star, as long as the object is brighter than the visual (or apparent)
magnitude Mv 11.
The Technical University of Denmark (DTU) has proposed an interplanetary mission to search for Near Earth
Asteroids (NEA), based on their star tracker, µASC. Observation time for these science experiments of the Flying
Laptop will be made available to test and verify this concept, in the eclipse phase of the LEO orbit (for further
information see reference 6).
• Rent-a-Sat mode: The
inherent high flexibility of the onboard computer system will be used
to operate the
Flying Laptop in a so-called 'Rent-a-Sat' mode. Interested parties
(companies or institutions) can rent the satellite as a development
platform in space. It is possible to configure the system for customer
preferences (i.e., the
characteristics of a certain processor can be simulated through the
hardware). With this versatility the 'Rent-a-Sat' system is well suited
for spaceborne software or firmware validations.
• PanCam (Panoramic Camera) is an additional COTS camera on Flying Laptop to provide context color video
imagery of Earth . PanCam is required because the narrow FOVs of the two science imagers (MICS and TICS) are
insufficient for context information imagery to increase public outreach of the Small Satellite Program. PanCam
uses CMOS technology with a pixel pitch of 6.7 µm. It has 1280 x 1024 pixels and can capture up to 27 images per
second in full resolution. Using a focal length of approximately 25 mm, the sensor can cover a FOV of 20º x 16º.
This results in a swath width of approximately 250 km and a ground sample distance of around 200 m from a 700 km
orbit. The video link of PanCam employs a lossy video compression technique to be able to handle the large source
data volume. 16)
G. Grillmayer, M. Hirth, F. Huber, V. Wolter, "FPGA Based Attitude
Control System Architecture for Increased Performance," Proceedings of
20th Annual AIAA/USU Conference on Small Satellites, Logan, UT, Aug.
14-17, 2006, paper: SSC06-VI-8
G. Grillmayer, M. Lengowski, S. Walz, H.-P. Roeser, F. Huber, M. v.
Schoenermark, T. Wegmann, "Flying Laptop - Microsatellite of the
of Stuttgart for Earth Observation and Technology Demonstration,"
Proceedings of IAC 2004, Vancouver, Canada, Oct. 4-8, 2004,
4) Information provided by Georg Grillmayer of IRS at the University of Stuttgart
S. Walz, M. Lengowski, M. von Schoenermark, "Payload and Scientific
Investigation of the Flying Laptop," Proceedings of the 5th IAA
on Small Satellites for Earth Observation, Berlin, Germany, April 4-8,
G. Grillmayer, A. Falke, H.-P. Roeser, "Technology Demonstration with
the Microsatellite Flying Laptop," Proceedings of the 5th IAA Symposium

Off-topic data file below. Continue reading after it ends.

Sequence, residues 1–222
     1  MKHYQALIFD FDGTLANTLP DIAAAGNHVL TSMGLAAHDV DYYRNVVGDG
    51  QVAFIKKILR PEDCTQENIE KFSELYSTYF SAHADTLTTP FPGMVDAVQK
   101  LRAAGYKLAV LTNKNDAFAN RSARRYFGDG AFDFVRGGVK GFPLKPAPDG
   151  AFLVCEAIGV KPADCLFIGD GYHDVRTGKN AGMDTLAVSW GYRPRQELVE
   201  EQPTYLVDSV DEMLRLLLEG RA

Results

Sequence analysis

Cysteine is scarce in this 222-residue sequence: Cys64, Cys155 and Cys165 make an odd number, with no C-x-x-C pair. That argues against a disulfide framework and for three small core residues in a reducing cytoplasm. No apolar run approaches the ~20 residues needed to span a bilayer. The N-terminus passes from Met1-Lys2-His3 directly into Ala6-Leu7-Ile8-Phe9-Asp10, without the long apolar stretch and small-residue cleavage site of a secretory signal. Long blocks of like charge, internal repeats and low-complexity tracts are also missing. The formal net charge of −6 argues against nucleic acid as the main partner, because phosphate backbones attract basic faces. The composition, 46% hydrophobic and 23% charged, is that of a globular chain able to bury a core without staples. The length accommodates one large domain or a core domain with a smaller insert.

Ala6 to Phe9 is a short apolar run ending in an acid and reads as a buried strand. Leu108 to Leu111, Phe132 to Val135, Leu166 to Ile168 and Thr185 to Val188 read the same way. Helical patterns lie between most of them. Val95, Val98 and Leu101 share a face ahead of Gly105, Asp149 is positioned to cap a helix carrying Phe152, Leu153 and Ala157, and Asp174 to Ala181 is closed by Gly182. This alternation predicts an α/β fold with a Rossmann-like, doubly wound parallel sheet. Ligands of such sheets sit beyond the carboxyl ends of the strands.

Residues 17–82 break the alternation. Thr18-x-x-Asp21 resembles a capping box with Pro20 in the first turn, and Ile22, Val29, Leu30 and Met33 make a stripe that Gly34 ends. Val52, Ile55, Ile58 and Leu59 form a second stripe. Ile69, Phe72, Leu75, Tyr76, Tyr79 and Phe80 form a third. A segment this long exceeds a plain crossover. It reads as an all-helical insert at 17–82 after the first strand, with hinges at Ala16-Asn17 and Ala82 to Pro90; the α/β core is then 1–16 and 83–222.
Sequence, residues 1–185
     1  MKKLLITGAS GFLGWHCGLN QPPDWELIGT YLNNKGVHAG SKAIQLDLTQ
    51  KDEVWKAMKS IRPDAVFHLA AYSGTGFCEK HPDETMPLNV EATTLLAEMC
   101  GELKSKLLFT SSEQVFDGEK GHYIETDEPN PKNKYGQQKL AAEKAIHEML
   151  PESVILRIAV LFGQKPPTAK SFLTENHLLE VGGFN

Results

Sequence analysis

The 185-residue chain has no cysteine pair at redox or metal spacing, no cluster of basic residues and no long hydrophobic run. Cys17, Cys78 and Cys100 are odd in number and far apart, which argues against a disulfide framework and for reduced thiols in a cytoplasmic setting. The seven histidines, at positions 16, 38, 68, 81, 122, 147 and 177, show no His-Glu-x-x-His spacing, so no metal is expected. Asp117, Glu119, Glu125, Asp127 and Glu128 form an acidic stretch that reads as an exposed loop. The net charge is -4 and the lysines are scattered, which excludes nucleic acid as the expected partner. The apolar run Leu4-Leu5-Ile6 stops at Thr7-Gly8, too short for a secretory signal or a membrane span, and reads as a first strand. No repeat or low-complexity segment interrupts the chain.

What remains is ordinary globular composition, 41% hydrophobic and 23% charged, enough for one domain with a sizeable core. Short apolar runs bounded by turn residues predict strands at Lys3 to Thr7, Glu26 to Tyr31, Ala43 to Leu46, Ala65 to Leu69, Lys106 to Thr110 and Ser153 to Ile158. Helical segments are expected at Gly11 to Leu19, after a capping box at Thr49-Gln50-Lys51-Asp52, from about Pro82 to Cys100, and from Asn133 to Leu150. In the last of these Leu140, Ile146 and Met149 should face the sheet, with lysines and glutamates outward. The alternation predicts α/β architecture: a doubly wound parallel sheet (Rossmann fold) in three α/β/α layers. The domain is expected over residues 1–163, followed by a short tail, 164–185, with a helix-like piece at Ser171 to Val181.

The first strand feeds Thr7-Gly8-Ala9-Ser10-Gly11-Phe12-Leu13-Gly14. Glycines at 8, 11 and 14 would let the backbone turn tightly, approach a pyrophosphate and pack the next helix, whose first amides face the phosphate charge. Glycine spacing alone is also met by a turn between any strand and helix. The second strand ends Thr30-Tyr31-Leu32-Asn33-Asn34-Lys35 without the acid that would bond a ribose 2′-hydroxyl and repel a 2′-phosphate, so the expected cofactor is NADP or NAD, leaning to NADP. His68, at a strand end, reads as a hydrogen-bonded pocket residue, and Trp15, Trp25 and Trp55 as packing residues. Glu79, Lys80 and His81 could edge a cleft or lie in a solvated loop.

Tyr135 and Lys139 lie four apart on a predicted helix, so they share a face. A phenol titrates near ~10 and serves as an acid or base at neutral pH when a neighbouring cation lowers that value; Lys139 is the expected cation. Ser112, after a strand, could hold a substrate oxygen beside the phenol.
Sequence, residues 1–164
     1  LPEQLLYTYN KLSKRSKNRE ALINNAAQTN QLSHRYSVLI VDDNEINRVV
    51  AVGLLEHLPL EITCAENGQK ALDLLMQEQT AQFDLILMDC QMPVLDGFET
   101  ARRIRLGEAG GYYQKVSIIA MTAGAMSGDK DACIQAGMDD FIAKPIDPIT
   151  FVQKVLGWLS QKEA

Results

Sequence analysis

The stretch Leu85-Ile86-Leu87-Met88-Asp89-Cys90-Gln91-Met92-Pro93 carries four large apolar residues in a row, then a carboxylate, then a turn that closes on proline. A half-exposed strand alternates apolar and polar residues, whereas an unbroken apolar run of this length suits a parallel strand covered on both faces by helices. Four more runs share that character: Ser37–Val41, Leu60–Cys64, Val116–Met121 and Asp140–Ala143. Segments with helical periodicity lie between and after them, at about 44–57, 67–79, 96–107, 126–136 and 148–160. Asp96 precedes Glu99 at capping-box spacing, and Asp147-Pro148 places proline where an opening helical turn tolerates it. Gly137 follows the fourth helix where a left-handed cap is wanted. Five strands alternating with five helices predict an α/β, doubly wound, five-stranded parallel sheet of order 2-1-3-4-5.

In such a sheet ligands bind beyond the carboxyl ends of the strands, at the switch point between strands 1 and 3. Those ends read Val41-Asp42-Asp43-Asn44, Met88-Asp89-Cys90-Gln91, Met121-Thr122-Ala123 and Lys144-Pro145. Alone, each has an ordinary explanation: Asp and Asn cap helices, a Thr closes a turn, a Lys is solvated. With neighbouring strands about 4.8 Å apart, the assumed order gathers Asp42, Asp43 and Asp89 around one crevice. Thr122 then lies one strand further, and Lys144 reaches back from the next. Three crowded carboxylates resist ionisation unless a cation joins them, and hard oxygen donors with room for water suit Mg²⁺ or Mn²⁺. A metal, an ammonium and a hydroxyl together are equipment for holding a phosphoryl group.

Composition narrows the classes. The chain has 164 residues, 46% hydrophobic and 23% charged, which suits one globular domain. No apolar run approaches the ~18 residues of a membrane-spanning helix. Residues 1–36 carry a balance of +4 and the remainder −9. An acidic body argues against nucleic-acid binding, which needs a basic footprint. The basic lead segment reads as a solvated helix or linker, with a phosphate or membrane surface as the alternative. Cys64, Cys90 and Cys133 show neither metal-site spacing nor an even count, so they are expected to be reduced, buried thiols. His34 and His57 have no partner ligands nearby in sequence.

on Small Satellites for Earth Observation, Berlin, Germany, April 4-8,
H.-P. Roeser, F. Huber, G. Grillmayer, M. Lengowski, S. Walz, A. Falke,
T. Wegmann, "A small satellite of the University Stuttgart - a
for new techniques," Proceedings of the 31st International Symposium on
Remote Sensing of Environment (ISRSE) at NIERSC (Nansen International
Environmental and Remote Sensing Center), Saint Petersburg, Russia,
June 20-24, 2005
T. Kuwahara, F. Huber, A. Falke, M. Lengowski, S. Walz, G. Grillmayer,
H.-P. Röser, "System Design of the Small Satellite Flying Laptop,
Technology Demonstrator of the FPGA-based on-board Computing System,"
58th IAC (International Astronautical Congress), International
Space Expo, Hyderabad, India, Sept. 24-28, 2007, IAC-07- B4.6.08
M. Lengowski, H.-P. Roeser, R. Haarmann, U. Beyermann, G. Gebel,
"Mechanical Design of the Micro-Satellite Flying Laptop," Proceedings
of the 6th IAA Symposium on Small Satellites for Earth Observation,
Berlin, Germany, April 23 - 26, 2007
M. Waidmann, C. Waidmann, D. Saile, G. Grillmayer, V. Wolter, "Use of
new developments on attitude control sensors for the microsatellite
Laptop," Proceedings of the 57th IAC/IAF/IAA (International
Astronautical Congress), Valencia, Spain, Oct. 2-6, 2006, IAC-06-B5.6.18
A. Hauschild, G. Grillmayer, O. Montenbruck, M. Markgraf, P.
Vörsmann, "GPS Based Attitude Determination for the Flying Laptop
Proceedings of the 6th IAA Symposium on Small Satellites for Earth
Observation, Berlin, Germany, April 23 - 26, 2007
A. Brandt, I. Kossev, A. Falke, J, Eickhoff, H.-P. Roeser, "Preliminary
System Simulation Environment of the University Microsatellite Flying
Laptop," Proceedings of the 6th IAA Symposium on Small Satellites for
Earth Observation, Berlin, Germany, April 23 - 26, 2007
J. L. Jørgensen, P. S. Jørgensen, G. Grillmayer, "NEA
detection, a possible use of the Flying Laptop microsatellite
of the 5th IAA Symposium on Small Satellites for Earth Observation,
April 4-8, 2005, Berlin, Germany
S. Montenegro, H.-P. Röser, F. Huber, "BOSS: Software and FPGA
Middleware for the "flying laptop" Microsatellite," DASIA 2005 (DAta
Systems In Aerospace), May 30 - June 2, 2005, Edinburgh, Scotland, UK;
A. Falke, G. Grillmayer, S. Walz, F. Hesselbach, J. Eickhoff( H.-P.
Roeser, "LED in-flight calibration and model-based development of ACS
algorithms for the university microsatellite Flying Laptop,"
Proceedings of the 4S Symposium: `Small Satellite Systems and
Services,' Chia Laguna
Sardinia, Italy, Sept. 25-29, 2006, ESA SP-618
Lachenmann, S. Walz, H.-P. Roeser, "Video Compression of the Flying
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Symposium on Small Satellites for Earth Observation, Berlin, Germany,
April 23 - 26, 2007
This description was provided by Herbert J. Kramer from his documentation of: "Observation of the Earth and Its Environment: Survey of Missions and Sensors" - comments and corrections to this article are welcomed by